If you are really set on keeping a home phone, you can also look at internet based alternatives such as Skype, Vonage, magicjack or Google Voice. These alternatives are significantly less expensive than traditional lines and some will even let you keep your current phone number.

Cut your Cable

How much TV do you watch? Are you only watching certain channels or TV series? If this is the case there may be some better alternatives for you. Switching to a service like Netflix, or setting up a Roku can save you over $100 per month depending on how much you are spending on cable TV.

If you just can;t say good-bye to your cable subscription, take a look at what you actually watch and call your cable provider to find out of there is a less costly plan that could work for you.

Bundle your Insurance

If you are paying for your auto, home, life and homeowner’s insurance through different companies you should call around and get quotes to find out how much money you can save by only having one provider.

Reduce Water Usage

If you put some effort into it you can greatly reduce the cost of your monthly water bill. Here are some ideas:

  • Put a quart sized water bottle full of rocks in your toilet tank
  • Only run full loads of laundry and dishes
  • Delay wash cycles on your laundry and dishwasher so they run late at night or early in the morning
  • Shorten shower times
  • Use a rain barrel to gather rain water for your lawn and gardens

Reduce Energy Use

If you put some effort into it you can greatly reduce the cost of your monthly electricity bill. Here are some ideas:

  • Get a programmable thermostat, raise your temperature to 78F/25C in the summer and lower it to 68F/20C in the winter.
  • Inspect your doors and windows for drafts and seal/repair them as needed
  • Peak into your attic, if you can see the floor it’s time to upgrade your insulation
  • Schedule an energy audit with your provider to get a customized list

It’s not too hard to maximize your savings and once you do this frees up some of your finances so that you can enjoy, invest or save your new found money.

 

Three Reasons to NOT Save for Retirement

Most people are vastly under saving, but no matter where you are at with your retirement investments, it never really will hurt to save more. Life is spontaneous and will sometimes throw you in different directions, so there will likely be times when it is more important to allocate your money to other important costs rather than saving for your retirement. Here is a list of three reasons that you may NOT want to save for retirement at the time:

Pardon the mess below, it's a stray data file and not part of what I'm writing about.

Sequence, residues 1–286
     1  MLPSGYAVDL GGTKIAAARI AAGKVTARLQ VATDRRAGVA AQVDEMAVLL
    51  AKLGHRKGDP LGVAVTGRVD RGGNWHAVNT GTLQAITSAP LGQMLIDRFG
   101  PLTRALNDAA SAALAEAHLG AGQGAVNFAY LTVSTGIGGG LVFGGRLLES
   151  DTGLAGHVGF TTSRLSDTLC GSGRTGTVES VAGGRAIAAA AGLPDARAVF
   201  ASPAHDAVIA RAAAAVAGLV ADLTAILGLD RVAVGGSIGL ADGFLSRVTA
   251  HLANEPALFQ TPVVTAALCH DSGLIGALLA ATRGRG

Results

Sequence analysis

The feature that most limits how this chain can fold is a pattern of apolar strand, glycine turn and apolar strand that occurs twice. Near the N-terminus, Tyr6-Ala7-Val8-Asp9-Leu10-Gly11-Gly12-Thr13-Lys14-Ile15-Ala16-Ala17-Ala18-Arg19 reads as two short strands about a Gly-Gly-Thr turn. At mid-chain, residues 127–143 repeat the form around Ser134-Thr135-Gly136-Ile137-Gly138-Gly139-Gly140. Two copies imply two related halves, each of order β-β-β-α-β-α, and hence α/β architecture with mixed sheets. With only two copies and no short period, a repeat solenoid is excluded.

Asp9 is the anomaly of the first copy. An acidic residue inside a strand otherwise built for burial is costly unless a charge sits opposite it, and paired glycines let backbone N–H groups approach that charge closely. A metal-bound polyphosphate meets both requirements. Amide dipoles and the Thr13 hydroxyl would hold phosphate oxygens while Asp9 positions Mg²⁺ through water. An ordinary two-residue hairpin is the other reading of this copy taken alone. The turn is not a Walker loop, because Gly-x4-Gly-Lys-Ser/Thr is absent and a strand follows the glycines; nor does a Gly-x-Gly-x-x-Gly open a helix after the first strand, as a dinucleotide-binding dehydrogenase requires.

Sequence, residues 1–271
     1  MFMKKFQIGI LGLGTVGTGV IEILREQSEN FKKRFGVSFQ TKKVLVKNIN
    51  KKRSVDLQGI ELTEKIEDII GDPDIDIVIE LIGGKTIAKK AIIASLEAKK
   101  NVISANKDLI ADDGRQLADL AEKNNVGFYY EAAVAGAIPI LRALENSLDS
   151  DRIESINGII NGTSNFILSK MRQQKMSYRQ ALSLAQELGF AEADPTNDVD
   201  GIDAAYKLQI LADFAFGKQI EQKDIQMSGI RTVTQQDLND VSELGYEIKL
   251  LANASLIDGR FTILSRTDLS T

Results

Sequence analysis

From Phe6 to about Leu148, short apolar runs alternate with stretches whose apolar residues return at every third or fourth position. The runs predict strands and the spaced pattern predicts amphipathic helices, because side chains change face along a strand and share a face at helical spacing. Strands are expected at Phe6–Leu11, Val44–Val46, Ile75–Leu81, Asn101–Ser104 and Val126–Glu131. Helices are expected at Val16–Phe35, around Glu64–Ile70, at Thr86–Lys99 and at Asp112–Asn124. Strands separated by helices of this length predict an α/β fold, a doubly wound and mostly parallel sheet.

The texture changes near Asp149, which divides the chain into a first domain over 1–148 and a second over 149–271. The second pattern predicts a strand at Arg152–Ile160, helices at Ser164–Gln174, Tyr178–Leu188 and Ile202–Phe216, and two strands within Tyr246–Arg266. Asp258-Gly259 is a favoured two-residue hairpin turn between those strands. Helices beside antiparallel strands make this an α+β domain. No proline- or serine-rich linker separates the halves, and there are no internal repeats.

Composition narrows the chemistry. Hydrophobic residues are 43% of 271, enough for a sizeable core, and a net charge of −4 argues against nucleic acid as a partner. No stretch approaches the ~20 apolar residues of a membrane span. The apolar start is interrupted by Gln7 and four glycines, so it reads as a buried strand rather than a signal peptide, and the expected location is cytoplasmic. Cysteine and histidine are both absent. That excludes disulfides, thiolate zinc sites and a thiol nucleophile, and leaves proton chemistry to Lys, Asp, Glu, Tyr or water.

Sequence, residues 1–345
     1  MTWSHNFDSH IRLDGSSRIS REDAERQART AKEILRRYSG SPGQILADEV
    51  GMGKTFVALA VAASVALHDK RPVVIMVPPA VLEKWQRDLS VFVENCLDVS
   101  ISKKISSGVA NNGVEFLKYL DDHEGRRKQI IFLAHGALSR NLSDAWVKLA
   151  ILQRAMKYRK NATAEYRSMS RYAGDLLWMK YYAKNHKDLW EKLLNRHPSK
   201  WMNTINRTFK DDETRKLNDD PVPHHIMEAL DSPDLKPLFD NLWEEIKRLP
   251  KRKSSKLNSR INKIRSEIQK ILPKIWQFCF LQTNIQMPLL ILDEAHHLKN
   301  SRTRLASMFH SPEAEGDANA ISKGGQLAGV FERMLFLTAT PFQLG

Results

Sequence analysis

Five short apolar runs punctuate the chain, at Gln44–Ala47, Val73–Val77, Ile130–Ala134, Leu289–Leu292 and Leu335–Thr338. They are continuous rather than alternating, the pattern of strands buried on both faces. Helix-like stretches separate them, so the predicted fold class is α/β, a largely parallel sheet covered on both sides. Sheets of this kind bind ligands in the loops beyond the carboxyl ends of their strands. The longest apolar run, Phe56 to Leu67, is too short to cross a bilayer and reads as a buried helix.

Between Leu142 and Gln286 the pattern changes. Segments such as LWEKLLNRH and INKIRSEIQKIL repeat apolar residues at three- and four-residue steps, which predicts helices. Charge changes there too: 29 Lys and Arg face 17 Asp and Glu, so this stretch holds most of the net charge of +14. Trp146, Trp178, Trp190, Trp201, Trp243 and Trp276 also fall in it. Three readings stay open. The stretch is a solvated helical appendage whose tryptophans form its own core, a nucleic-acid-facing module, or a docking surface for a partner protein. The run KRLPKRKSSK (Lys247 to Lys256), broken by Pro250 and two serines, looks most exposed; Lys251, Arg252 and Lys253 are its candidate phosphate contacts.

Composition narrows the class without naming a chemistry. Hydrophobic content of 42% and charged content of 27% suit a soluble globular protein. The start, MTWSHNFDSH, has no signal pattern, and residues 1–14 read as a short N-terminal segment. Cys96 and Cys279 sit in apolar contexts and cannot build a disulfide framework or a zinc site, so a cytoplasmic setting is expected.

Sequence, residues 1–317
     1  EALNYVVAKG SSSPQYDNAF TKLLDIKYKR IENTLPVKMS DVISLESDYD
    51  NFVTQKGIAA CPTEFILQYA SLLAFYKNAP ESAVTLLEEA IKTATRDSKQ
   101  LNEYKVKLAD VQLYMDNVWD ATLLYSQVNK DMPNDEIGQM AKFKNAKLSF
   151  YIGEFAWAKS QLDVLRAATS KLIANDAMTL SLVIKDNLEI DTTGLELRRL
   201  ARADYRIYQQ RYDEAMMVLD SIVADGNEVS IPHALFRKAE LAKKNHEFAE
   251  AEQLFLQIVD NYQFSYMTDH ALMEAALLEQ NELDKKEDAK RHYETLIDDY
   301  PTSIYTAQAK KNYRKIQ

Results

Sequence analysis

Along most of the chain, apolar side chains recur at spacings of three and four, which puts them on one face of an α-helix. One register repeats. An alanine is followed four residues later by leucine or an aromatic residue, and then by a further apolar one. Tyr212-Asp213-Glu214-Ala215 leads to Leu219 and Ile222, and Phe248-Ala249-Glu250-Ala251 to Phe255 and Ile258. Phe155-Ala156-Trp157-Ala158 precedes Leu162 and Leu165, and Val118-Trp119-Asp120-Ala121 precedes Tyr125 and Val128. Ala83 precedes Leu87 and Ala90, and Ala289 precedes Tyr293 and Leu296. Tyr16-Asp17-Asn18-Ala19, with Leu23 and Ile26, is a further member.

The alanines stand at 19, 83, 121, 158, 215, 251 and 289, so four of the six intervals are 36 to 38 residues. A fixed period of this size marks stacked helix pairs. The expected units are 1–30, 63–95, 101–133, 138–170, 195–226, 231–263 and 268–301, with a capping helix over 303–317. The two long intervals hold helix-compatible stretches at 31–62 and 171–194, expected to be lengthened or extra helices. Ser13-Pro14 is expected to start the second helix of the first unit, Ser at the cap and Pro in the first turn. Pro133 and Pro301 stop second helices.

Silver CascadeCredit Card Debt

If you are in a significant amount of credit card debt it is probably a good idea to put a hold on your retirement investments. High interest rates on your credit card debt puts a drain on your finances and unless your investments are making more in interest than you are paying on your debts you are effectively losing money. It’s important to pay off, or at least minimize your credit card debt as a priority over retirement savings.

Have an Emergency Fund

Life can always go differently than you expect it to. By having an emergency fund you will be able to protect yourself financially if you suddenly lose your job or encounter any unexpected medical costs. It’s a good idea to have at least 6 months of living expenses saved up. Once your emergency fund is stocked you should then allocate those funds to your retirement savings.

Student Loans

If you are young, you likely have significant student loans. While you might think that it makes the most sense to direct some money to retirement investments and some to your loans. But if the interest rates on your loans are higher than the interest that you accumulate on your retirement investment, you are losing money. It’s wiser to pay off your debt as quickly as possible and then invest in your retirement.

An exception to this, however, is a low interest student loan where your interest rates are less than the interest that you make on your retirement investments. If this is the case it’s smart to allocate funds to both.

Retirement investments are important and should always be part of a healthy financial plan, but there will be times in your life where it makes more sense to prioritize other expenses over your retirement plan. If diverting money from your retirement investments can help you with current financial burdens, don’t be afraid to deviate from the plan. Finding a balance is important when allocating money to your expenses and to your savings.